June 2016
Su Mo Tu We Th Fr Sa
... 6 7 8 9




13 14 15




2:00 pm 7:30 pm 8:00 pm
talk-back after 8:00 pm show







The Game's Afoot or Holmes For The Holidays

It is December 1936 and Broadway star William Gillette, admired the world over for his leading role in the play Sherlock Holmes, has invited his fellow cast members to his Connecticut castle for a weekend of revelry. But when one of the guests is stabbed to death, the festivities in this isolated house of tricks and mirrors quickly turn dangerous. Then it’s up to Gillette himself, as he assumes the persona of his beloved Holmes, to track down the killer before the next victim appears. The danger and hilarity are non-stop in this glittering whodunit set during the Christmas holidays.

By Ken Ludwig

William F. Braak as William Gillette
Rosemary Gehrlein as Martha Gillette
Jason Kramer as Felix Geisel
Cheryl Balas as Madge Geisel
Paul Recupero as Simon Bright
Laura Watson as Aggie Wheeler
Julie May as Daria Chase
Barbara Sherman as Inspector Goring


Producer: Dee Henken
Director: Eileen Ciccarone
Assistant Director: Thom Harmon
Stage Manager: John Henken
Lighting and Sound Design, Sound Operation: Steve DiNenno
Set Design and Decoration: Rusty Muglia
Props Design: Marianne DiNenno
Assistant Stage Manager: Doug Smith
Lighting Operation: Dean Soltes
Costumes: Eileen Ciccarone, Robert Marsch, Tessa Raum
Master Carpenter: Steve Gehrlein


The Game’s Afoot
by Ken Ludwig is fast-paced and murderously funny. 
The play is based on real life actor William Gillette. 
Who was William Gillette you say?

Gillette was the first American matinee idol. He was wildly eccentric with stunning theatrical successes and a romantic reputation.  Actor, playwright, inventor, in 1899 he gave his first performance as Sherlock Holmes on stage.  He wrote the play himself with the blessing of Arthur Conan Doyle, who eventually become his life-long friend.  The play became an instant hit, earning millions.  Gillette used the proceeds to build a stone fortress on the Connecticut River and outfitted it with newfangled inventions, such as the first intercom, mazes, and hidden rooms.  Gillette ended up acting in it for the remainder of his life, racking up over 1300 performances in both America and England.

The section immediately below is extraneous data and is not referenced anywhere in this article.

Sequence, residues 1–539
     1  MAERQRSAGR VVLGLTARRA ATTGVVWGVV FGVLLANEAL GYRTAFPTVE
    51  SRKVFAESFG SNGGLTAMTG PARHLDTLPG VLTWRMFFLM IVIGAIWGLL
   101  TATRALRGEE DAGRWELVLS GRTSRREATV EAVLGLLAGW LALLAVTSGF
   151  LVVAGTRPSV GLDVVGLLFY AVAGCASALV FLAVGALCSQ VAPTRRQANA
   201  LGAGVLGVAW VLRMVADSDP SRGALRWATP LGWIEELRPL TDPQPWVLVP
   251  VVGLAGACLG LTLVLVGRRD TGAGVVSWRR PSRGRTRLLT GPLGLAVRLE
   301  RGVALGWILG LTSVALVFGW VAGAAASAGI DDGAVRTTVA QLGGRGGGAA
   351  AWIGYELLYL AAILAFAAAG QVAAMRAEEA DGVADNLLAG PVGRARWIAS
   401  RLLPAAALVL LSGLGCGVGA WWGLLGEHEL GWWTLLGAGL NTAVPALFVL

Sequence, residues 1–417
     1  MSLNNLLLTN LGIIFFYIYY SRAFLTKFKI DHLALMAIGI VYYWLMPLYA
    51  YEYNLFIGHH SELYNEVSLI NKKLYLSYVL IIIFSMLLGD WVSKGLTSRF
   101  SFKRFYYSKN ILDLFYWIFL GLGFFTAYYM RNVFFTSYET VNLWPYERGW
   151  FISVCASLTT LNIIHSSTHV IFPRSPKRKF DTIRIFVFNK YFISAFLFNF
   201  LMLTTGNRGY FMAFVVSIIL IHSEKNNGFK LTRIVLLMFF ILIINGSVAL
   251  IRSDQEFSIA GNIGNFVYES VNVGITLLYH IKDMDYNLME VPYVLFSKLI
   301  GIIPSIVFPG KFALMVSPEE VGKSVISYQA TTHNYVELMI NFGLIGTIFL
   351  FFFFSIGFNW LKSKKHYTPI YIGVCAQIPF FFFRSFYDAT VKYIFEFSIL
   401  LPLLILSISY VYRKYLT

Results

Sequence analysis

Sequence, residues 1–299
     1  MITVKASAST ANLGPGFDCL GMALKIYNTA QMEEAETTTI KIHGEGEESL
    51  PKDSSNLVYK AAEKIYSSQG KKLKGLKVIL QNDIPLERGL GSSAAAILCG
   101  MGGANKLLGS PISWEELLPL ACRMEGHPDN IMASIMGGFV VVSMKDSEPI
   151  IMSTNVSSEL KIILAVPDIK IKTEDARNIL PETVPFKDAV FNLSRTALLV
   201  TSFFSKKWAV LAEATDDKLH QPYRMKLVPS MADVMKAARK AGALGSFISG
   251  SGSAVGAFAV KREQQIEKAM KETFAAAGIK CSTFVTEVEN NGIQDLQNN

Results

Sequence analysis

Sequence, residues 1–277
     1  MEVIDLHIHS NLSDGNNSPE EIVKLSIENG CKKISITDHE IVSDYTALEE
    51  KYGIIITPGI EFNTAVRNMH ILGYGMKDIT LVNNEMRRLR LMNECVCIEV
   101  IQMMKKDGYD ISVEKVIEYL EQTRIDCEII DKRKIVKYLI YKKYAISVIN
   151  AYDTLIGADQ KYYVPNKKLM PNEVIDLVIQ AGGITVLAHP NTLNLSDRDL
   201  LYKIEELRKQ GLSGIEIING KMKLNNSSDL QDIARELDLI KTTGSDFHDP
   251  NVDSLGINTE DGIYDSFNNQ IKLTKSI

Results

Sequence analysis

Ludwig states in his essay The Strange and Wonderful History of William Gillette, “Gillette not only looked like the Sherlock that Conan Doyle described in the stories, he also brought lasting innovations to the character.  It was Gillette who made the deerstalker cap a symbol of Holmes.  Gillette also adopted the famously curved meerschaum pipe, and he did it for a wonderfully theatrical reason.  He found that a straight pipe, as Conan Doyle described, would cover his face to the audience.  The meerschaum provided the perfect solution.”

            Join us for this snappy, clever drawing-room mystery.  Or, better yet, come and audition!


The Plot

The plot is pure Agatha Christie, played as farce.  William Gillette is wounded following an attempt on his life at a performance.  While he is recovering, he invites a few friends over for a Christmas Eve celebration at his Connecticut mansion.  In the vein of “whodunit” murder mysteries, the plot takes many twists and turns.  When a murder happens at the mansion that evening, Gillette puts his Sherlock Holmes skills to the test in an attempt to solve the crime before something else goes awry.

The script is well written and the dialogue is witty and fast-paced.  Just when you think you’ve figured out who the bad guy is, the plot takes an unexpected twist.